No one person invented radio. While Marconi was the first to develop a system of wireless telegraphy that worked reliably and over long distances, many other innovators around the world contributed to radio’s technology.

Numerous 18th and 19th century scientists carried out experiments and developed the basic understanding of electrical phenomena essential for the evolution of radio. Important early contributors included: Michael Faraday (England), Georg Ohm (Germany), Alessandro Volta (Italy), Andre Ampere (France), Hans Christian Oersted (Denmark), and Joseph Henry (U.S.).

Many others worked to develop radio’s theory and technology. Among them:

Wireless Pioneers

Maxwell:  In 1865 James Clerk Maxwell, a Scot working at Cambridge University in England, developed a complex theory and published a set of important mathematical papers that predicted that radio waves could be propagated through the air from a suitable transmission source, such as a spark discharge.

Loomis:  In 1866 Mahlon Loomis, a dentist from Washington, D.C., sent and received wireless signals over a short distance in the Blue Ridge mountains of Virginia. His system was never fully implemented because projected congressional funding fell through after a national financial panic in 1872. Loomis received the first American patent for a wireless system—and is an example of the American penchant for tinkering in new fields.

Hertz:  In 1888 Heinrich Hertz, a German professor of physics, conducted the first experiments that proved the existence of radio waves, thus verifying Maxwell’s predictions. But he was focused on research, not developing a practical system, and he died tragically young not long after his pioneering experiments.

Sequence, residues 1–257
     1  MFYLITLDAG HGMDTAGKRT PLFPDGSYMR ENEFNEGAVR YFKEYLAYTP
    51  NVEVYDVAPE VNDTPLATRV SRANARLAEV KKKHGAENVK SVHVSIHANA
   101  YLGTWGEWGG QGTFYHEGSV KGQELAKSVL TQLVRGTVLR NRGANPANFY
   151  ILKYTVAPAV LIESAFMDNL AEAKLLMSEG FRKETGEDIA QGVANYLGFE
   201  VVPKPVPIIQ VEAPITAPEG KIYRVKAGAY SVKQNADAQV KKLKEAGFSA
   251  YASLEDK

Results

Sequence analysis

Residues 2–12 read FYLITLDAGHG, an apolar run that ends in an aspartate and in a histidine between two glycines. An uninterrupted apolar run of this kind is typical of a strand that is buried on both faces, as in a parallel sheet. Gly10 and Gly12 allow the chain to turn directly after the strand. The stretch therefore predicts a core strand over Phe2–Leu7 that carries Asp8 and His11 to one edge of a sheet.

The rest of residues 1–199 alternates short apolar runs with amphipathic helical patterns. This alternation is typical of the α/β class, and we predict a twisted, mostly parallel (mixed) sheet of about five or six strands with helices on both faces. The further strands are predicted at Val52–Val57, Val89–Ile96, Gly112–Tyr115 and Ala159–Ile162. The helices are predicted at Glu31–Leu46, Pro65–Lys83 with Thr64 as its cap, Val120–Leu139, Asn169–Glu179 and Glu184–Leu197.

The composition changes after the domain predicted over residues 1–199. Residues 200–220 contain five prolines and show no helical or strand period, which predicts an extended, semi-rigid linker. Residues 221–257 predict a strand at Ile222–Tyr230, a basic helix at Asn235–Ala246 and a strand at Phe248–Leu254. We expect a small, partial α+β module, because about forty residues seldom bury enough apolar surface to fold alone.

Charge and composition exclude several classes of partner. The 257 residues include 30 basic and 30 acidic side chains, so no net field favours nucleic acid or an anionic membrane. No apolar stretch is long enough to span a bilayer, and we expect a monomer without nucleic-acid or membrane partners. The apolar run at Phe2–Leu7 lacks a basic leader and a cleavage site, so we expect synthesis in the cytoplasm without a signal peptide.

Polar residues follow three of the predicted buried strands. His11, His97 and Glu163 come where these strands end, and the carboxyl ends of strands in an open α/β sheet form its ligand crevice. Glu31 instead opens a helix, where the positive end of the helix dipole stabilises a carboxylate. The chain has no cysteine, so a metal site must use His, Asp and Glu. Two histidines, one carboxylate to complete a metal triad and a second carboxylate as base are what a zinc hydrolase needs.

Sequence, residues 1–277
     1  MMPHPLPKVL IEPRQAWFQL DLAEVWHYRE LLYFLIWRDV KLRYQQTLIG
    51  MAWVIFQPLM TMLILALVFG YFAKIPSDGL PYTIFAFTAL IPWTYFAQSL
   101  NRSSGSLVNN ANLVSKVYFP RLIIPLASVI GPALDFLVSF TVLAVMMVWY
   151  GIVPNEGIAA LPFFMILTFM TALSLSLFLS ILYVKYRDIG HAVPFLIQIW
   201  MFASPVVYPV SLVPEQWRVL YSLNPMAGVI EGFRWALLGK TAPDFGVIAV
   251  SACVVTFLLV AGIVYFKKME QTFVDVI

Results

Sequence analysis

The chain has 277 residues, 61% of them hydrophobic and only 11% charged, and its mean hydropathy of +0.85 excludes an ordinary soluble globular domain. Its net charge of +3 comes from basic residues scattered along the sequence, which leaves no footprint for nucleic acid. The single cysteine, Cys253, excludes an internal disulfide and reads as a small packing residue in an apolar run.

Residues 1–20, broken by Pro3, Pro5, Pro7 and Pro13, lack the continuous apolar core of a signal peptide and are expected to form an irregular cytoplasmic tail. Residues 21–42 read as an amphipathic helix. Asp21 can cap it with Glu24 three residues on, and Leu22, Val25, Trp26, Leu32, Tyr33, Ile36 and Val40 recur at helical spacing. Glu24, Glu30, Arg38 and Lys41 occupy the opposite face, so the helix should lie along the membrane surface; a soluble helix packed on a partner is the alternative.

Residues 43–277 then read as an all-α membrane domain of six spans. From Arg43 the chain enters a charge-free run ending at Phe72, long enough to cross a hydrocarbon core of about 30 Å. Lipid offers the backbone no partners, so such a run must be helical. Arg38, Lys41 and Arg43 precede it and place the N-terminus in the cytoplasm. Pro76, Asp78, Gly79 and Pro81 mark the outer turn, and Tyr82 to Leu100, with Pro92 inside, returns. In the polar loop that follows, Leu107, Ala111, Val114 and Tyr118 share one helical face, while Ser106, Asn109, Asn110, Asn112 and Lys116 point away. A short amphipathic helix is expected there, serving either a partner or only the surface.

Branley:  About 1890, Edouard Branley in France developed his “coherer” to detect the presence of radio signals. A coherer is a glass tube containing two electrodes separated by loosely packed metal filings. They adhere or cohere when a radio pulse is present. The coherer must be tapped after each dot or dash is received to shake loose the metal particles in order that they may detect the next signal. A doorbell-like “tapper” was used to do so. David Hughes in England improved the coherer, as did Marconi and other inventors.

Lodge:  Sir Oliver Lodge in England carried out laboratory demonstrations of his own wireless transmitter and coherer receiver as early as 1894. Another university professor, Lodge had no personal interest in developing a practical commercial system although he did receive some key patents exploited by the Lodge-Muirhead company that were later purchased by Marconi.

Popov:  During this same era, Alexander Popov in Russia developed a wireless system with an improved coherer and a better antenna and ground system. He experimented with and improved his equipment over several years in the 1890s. For many years the Soviet Union claimed Popov was the real inventor of radio.

Developing Practical Radio

Marconi:  As a young man growing up in Italy, by 1895, Guglielmo Marconi was experimenting with wireless and had developed a spark transmitter and coherer receiver system that worked better than others. He foresaw radio’s potential commercial importance, and in 1896 moved to England (where his mother had social contacts) to seek financial backing.  In December 1901, he sent the first wireless signal (the Morse code of three dots representing the letter “s”) across the Atlantic, creating a public sensation. Within a few short years, his Marconi Wireless Telegraphy Co. Ltd. was a world leader in both shipboard and long distance radio communication.